This ganglion belongs to the autonomic nervous system and is functionally added to the ophthalmic nerve. It is placed in the orbit, on the lateral side of the optic nerve. Like any other autonomic ganglion, the ciliary ganglion has preganglionic and postganglionic fibers. Preganglionic fibers are sensory, sympathetic and parasympathetic. These are:
- Communicant branches to the ciliary ganglion that extend from the nasociliary nerve and carry the sensory and sympathetic fibers to this ganglion. Sensory fibers originate from the sensory root of the trigeminal nerve, whereas the sympathetic fibers originate from the sympathetic internal carotid plexus and its anastomosis with the ophthalmic nerve.
- Oculomotor root provides the parasympathetic fibers from the oculomotor nerve and those fibers synapse with the cells of the ganglion.
Postganglionic fibers are the short ciliary nerves that extend forward while grouped around the optic nerve. They penetrate the posterior part of the sclera and enter the eyeball to which they bring the sensory and the autonomic neuronal fibers. Parasympathetic fibers innervate the ciliary muscle and the pupil sphincter muscle, whereas the sympathetic fibers innervate the pupil dilator muscle. Both dilatation and constriction of the pupil are the mechanisms that take part in the eye accommodation. Also, this specific innervation is the reason why pupils dilate during stress (domination of the sympathetic nervous system), and narrow when relaxed (domination of the parasympathetic nervous system).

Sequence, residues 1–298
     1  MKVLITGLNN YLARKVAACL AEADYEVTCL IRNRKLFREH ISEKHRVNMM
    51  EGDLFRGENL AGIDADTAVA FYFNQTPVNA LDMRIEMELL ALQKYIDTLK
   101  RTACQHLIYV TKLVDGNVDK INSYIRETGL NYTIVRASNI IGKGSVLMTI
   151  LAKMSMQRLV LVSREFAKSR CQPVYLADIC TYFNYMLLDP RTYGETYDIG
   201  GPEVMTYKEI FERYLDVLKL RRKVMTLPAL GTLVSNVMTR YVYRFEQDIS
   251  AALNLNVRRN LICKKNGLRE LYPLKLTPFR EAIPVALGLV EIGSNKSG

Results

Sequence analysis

Damages to the ophthalmic nerve can cause symptoms related to sensory dysfunctions. Infections of the trigeminal ganglion by the herpes zoster virus (shingles) will cause very painful sensations among all of the areas that are sensory innervated by the trigeminal nerve, but will mostly affect the areas innervated by the ophthalmic nerve. The infection may eventually result in the complete loss of the sensation within the affected parts.
A procedure called supraorbital nerve block is often used to achieve the local anesthesia of the face. As the name says for itself, the target structure is the supraorbital nerve, a branch of the frontal nerve, which again, is a terminal branch of the ophthalmic nerve. It is a convenient way of preventing the tissue distortion and the uncomfortable sensations for the patient while performing various surgical procedures in the region of the forehead that is innervated by this nerve.
Dysfunctions of the ophthalmic nerve can be joined to the dysfunctions of the facial nerve within the condition called Bell’s palsy. This condition mostly affects the structures innervated by the facial nerve and sometimes includes branches of the trigeminal nerve where sensory disorders of all the structures innervated by this nerve can manifest. This condition is usually caused by the inflammation of the nerve that is in most cases caused by neurotropic viruses, such as herpes simplex virus type-1, HIV, and herpes zoster.
The ophthalmic nerve is a part of the corneal reflex, and together with the maxillary nerve, the palpebral reflex. In normal situations, the stimulation of the cornea or a sudden object close to the eyes will cause automatic closing of the eyelids as a form of a protective reflex. When the ophthalmic nerve is damaged, there is a lack of these reflexes.
We can conclude that the ophthalmic nerve is of great importance when it comes to the basic neurology evaluation of a patient. Being familiar with the fields of its innervations is crucial since it provides strong foundations of knowledge for today's students and tomorrow's future doctors.